# Chronon & Planck's Time

• Nim

#### Nim

What is the difference between a chronon and Planck's time? A few websites said they were the same thing. But other websites showed Planck's time as being smaller than a chronon. And those websites didn't always agree on how small Planck's time or a chronon is.

Originally posted by Nim
What is the difference between a chronon and Planck's time? A few websites said they were the same thing. But other websites showed Planck's time as being smaller than a chronon. And those websites didn't always agree on how small Planck's time or a chronon is.

One way to approach this question is to ask what has traditionally usually been meant by "Planck time"

Planck proposed a set of natural units in 1899 to a meeting of the Prussian Academy and the time unit he proposed was
for practical purposes the same as what is called "Planck time" today----about 0.539 E-43 second.

For over 100 years the Planck time unit has been this.

What the "chronon" is must depend on whatever writer is talking. It is not a well-established traditional thing, so could mean anything someone wants it to mean. The basic string theory scale is not solidly nailed down so if there is a "chronon" in that context it could be drifting around changing from author to author.

Here is how to remember Planck units:

Memorize what the area is and get all the rest from that.

The area is hbar G/c3

Therefore the length is sqrt(hbar G/c3)

The unit time is how long light takes to go unit length so it equals unit length divided by c. Or you can divide by c2 inside the square root and get

Planck time unit equals sqrt(hbar G/c5)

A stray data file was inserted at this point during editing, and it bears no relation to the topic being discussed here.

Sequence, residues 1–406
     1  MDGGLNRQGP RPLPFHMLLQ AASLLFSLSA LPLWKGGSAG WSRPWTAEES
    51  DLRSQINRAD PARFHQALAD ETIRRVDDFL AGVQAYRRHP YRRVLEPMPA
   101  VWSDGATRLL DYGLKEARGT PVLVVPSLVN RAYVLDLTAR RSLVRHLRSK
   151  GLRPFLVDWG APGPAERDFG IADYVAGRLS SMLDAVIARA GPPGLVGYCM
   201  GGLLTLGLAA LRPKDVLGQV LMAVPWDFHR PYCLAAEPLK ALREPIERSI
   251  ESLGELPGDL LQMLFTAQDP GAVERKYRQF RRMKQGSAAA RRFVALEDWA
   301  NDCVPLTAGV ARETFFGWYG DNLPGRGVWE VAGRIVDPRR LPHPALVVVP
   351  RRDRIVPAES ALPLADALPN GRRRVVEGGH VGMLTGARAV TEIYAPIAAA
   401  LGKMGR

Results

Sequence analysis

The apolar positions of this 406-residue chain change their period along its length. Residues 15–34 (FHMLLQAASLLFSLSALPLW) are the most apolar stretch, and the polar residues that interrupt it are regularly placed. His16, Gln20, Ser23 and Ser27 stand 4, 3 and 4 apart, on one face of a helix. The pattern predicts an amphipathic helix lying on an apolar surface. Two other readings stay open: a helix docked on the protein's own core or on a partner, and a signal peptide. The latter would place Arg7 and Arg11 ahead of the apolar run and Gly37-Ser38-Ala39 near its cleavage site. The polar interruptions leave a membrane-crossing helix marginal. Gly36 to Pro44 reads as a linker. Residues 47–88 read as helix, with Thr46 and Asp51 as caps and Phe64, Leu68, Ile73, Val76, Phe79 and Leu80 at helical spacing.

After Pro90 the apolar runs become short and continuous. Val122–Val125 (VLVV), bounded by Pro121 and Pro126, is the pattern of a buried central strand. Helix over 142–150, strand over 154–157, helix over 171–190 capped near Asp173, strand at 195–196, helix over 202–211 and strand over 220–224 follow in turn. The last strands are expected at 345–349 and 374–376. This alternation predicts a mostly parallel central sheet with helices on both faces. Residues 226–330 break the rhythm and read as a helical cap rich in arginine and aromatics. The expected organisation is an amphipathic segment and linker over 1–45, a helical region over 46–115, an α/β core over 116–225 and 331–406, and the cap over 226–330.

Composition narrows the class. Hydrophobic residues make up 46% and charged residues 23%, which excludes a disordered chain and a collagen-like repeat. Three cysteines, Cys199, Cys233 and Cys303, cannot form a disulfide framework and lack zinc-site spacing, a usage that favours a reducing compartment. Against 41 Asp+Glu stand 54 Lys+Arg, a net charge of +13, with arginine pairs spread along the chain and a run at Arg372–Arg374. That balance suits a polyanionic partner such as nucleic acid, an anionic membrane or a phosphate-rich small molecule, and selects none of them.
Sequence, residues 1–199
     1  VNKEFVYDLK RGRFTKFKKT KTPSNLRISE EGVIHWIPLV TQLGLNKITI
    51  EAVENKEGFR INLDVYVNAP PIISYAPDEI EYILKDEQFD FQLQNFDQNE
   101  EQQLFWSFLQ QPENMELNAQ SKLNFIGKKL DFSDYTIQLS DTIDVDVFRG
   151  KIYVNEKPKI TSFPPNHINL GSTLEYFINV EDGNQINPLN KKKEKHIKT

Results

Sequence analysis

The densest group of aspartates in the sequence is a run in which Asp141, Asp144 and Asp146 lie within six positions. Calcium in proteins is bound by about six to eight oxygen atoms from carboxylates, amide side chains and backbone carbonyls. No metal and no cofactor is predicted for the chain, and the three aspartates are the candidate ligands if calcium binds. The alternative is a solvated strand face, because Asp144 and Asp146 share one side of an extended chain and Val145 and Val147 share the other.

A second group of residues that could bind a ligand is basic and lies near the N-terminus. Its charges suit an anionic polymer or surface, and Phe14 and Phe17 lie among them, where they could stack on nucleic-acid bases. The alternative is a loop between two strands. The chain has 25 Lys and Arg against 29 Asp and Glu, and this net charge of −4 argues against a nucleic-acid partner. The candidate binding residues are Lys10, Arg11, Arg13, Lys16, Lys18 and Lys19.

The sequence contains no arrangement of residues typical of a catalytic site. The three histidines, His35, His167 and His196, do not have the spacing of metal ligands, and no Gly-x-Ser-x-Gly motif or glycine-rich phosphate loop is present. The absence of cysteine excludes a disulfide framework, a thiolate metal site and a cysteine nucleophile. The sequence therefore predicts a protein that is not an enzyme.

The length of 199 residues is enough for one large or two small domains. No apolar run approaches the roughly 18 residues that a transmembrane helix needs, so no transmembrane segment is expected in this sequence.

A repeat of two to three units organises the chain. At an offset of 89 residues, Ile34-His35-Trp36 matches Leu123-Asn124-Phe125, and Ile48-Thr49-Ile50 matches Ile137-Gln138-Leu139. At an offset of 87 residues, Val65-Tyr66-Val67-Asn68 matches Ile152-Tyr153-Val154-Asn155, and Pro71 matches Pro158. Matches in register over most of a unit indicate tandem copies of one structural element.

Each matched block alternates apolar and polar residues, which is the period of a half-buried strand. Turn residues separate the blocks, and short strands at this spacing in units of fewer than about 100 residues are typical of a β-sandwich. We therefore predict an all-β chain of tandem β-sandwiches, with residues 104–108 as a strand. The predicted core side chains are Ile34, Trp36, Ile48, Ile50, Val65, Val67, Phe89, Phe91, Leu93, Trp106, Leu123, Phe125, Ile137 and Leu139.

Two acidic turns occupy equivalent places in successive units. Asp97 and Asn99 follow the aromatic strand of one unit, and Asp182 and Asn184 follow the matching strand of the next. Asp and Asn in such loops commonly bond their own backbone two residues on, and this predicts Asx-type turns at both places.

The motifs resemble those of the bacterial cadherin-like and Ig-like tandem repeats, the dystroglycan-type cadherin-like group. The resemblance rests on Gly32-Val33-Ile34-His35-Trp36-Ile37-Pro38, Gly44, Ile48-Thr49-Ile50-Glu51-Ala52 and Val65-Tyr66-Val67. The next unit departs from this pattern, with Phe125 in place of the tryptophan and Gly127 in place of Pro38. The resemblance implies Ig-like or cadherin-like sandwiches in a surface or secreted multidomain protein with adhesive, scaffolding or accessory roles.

Since Planck time is 0.539 E-43 second, if you multiply by E45 you get 53.9 seconds which is on same scale as a ordinary minute.

So next time someone on telephone says "please wait a minute. I put you on hold for a minute" remember that this means

E45 Planck time units, or maybe you like it better written

1045 Planck time units

Thanks for the answser.

This isn't a physics question. But how do you make those floating numbers like that 45 you have by the 10?

Originally posted by Nim
Thanks for the answser.

This isn't a physics question. But how do you make those floating numbers like that 45 you have by the 10?

A2 is written like this (but with the spaces removed)

A[s u p]2[/s u p]

subscripts are written like superscripts except you say "sub"

if you want to see how anyone made a math symbol they wrote in their post, click on "quote" below their post AS IF you were going to reply and wanted to quote them in your reply-----you can look at how they typed stuff and you don't have to reply unless you want----you can just back away

marcus said: